Charlotte Street – Once a Streetcar/Trolley Suburb


Charlotte Street in North Asheville is a busy place where past, present and future all seem to collide. It is part of a neighborhood where many changes are afoot. Learn more of its past at an upcoming talk hosted by the Preservation Society at St. Mary’s Church in the Parish Hall on the corner of Macon Avenue and Charlotte Street Thursday, September 15th. The focus of this talk will be the development of the whole area from College Street to the end at the golf course! Admission is free.

Two long-time PSABC members, Kim Leatherwood and Kieta Osteen-Cochrane, team up for a timely presentation that travels from the Civil War to civil engineering to how preservation tools can impact tomorrow. Both women have deep roots over generations in their beloved western North Carolina. Kim is an avid preservationist, lifelong student of local history, and member of the PSABC Education Committee. Kieta is Chair of same committee, PSABC board member, retired college administrator, preservation activist, and a native of the Charlotte Street area.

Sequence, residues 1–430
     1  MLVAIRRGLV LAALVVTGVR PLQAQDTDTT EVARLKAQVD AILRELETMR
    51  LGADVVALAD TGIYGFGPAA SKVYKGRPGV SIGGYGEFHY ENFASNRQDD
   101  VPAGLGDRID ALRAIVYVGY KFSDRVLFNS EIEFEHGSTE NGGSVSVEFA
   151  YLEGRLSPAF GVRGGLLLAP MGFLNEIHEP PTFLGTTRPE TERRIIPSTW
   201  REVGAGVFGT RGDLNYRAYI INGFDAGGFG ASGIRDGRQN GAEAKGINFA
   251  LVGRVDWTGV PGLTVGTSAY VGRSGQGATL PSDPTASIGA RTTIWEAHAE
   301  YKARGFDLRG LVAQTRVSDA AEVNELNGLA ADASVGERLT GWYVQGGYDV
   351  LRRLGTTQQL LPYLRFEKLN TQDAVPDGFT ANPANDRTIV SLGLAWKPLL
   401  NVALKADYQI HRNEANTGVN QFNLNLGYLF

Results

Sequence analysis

Are you aware that trolleys ran down Charlotte Street at one time? The North Carolina room at the Asheville Library has a photograph of “The “new Merrimon Ave streetcar on Macon Ave” with one conductor standing to the left of the door as a line of passengers board thought to be taken in the 1920’s. The photo above shows a string of six streetcars loaded with teachers attending the summer school session for teachers at Asheville Normal- Pelton photo (A4216). “Few people know that the closing of UNC in the Civil War directly affected how Charlotte Street evolved and grew,” says Kieta Osteen-Cochrane. “Now, as Charlotte Street may further develop as a modern corridor, preservation can impact how things change.”

This lecture is scheduled for Thursday, 5:30 pm, September 15th, at St. Mary’s Church Parish Hall, 337 Charlotte Street. Admission is free, with a suggested donation of $10 to support local preservation. Generous sponsors include Terry and Ted Van Duyn and St Mary’s Episcopal Church.

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